Show Hide image

Marvel has moved past the post-credits teaser, and it's all the better for it

Individual stories are suddenly taking precedence over franchise building.

The lasting contribution of 2008’s Iron Man to contemporary cinema comes not from the content of the film itself, but in its Avengers-teasing post-credits scene featuring an eyepatch-sporting Samuel L. Jackson. While post-credits scenes were not invented by Marvel, their widespread adoption in other blockbusters is a testament to Marvel using them to titillate and frustrate.

Fast forward nine years and Marvel’s direction has significantly altered. Having moved to a three-film-a-year structure ahead of next year’s climactic Infinity War, their two releases this summer have featured less explicit connective tissue, using post-credits scenes that are, in typical Marvel fashion, self-reflexive and fun – but this time with no teases for films to come.

Where previous Marvel Cinematic Universe (MCU) films have trailed characters donning superhero mantles, confrontations to come, or more light-hearted team ups, Guardians of the Galaxy Vol. 2 decided to lovingly poke fun at Marvel grandmaster Stan Lee, leaving him stranded on a godforsaken space rock in the outer reaches of the stars. Spider-Man: Meanwhile Homecoming targeted filmgoers who had stayed until the end in expectation of a tease, only to receive a Captain America educational video on the virtues of “patience”.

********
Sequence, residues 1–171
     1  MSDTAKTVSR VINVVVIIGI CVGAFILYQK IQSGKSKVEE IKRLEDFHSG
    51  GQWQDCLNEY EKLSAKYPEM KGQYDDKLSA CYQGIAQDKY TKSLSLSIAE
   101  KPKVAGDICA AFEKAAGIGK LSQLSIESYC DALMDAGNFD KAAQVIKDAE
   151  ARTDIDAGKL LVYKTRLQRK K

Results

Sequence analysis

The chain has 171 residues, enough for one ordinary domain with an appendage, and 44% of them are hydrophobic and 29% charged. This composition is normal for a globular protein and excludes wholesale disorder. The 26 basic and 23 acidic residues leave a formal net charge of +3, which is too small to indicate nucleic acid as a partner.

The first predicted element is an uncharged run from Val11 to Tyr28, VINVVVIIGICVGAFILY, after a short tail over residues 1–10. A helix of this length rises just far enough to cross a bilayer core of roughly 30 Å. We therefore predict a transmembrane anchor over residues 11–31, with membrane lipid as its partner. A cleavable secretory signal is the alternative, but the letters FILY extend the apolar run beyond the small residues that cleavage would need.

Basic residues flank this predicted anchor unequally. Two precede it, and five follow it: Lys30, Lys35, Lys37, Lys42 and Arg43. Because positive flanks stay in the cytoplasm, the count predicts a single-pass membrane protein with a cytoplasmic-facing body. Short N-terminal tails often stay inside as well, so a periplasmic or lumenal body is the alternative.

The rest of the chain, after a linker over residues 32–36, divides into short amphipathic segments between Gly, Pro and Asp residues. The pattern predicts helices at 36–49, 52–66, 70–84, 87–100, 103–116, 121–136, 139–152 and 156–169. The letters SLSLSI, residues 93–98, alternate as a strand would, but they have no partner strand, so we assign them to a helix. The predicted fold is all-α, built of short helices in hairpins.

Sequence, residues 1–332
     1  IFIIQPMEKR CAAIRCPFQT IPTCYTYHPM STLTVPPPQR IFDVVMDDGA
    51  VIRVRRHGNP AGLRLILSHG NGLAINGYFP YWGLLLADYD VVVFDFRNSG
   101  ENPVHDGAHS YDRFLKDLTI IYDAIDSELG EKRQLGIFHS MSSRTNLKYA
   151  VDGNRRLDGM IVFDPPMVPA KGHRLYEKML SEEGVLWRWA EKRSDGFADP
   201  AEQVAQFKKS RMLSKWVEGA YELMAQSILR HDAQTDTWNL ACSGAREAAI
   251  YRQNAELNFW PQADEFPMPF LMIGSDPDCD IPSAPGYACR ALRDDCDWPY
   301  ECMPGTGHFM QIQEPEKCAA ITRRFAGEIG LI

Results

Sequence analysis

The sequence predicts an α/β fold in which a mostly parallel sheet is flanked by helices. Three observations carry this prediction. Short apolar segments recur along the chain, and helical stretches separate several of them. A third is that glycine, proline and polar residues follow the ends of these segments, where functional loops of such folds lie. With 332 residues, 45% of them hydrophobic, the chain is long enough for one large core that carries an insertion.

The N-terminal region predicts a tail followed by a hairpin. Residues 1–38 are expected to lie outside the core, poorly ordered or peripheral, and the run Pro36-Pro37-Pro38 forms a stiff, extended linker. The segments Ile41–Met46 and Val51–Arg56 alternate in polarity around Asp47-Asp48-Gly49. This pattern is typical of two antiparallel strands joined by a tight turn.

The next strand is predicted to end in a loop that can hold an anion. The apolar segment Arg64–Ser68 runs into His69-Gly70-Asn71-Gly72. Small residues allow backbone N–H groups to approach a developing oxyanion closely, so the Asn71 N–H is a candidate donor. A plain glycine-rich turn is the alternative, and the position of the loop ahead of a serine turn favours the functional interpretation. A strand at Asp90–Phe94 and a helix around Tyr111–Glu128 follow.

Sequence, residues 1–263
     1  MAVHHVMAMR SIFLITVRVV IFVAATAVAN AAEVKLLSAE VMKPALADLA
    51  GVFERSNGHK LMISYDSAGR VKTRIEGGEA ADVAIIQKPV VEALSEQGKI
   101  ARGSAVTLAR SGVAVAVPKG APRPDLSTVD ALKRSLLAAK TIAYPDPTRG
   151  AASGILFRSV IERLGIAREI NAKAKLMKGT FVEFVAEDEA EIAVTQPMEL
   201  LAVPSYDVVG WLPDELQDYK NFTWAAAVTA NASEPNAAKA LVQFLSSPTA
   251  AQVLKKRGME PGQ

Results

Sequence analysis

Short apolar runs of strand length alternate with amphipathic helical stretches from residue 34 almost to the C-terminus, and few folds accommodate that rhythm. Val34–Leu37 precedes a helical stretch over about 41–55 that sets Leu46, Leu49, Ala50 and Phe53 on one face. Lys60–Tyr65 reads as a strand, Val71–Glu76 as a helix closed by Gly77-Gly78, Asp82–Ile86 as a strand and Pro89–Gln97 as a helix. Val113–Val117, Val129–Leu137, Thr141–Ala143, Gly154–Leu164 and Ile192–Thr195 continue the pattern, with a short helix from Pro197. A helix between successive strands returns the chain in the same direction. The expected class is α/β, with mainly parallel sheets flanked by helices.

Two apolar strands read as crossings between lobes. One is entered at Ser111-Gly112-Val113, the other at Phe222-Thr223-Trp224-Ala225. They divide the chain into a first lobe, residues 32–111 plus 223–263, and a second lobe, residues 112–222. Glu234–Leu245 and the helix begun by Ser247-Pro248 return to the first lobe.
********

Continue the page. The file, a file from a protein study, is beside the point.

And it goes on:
That isn’t to say that connective tissue isn’t there. Marvel seems to be pursuing world building not through post-credits stingers, but through plot and character. In the past, teasing how awful big bad Thanos is ahead of the Avengers battling him in Infinity War would have been done through a menacing post-credits scene, as in both Avengers films to date. Instead Guardians of the Galaxy Vol. 2 uses character as a tool to explore the world at large.

Nebula’s seething rage is, rather than just a weak excuse for an antagonist’s arc, actually grounded in character, explaining to Sean Gunn’s loveable space pirate Kraglin that Thanos would pit his daughters, her and Gamora, against each other, and replace a part of her body with machine each time she failed – and she failed every time. It’s effective. Thanos’ menace is developed, and you feel sympathy for Nebula, something Marvel has historically failed to do well for its antagnoists. Her parting promise – to kill her father – not only foreshadows the events of Infinity War, but also hints at the conclusion of a fully formed arc for her character.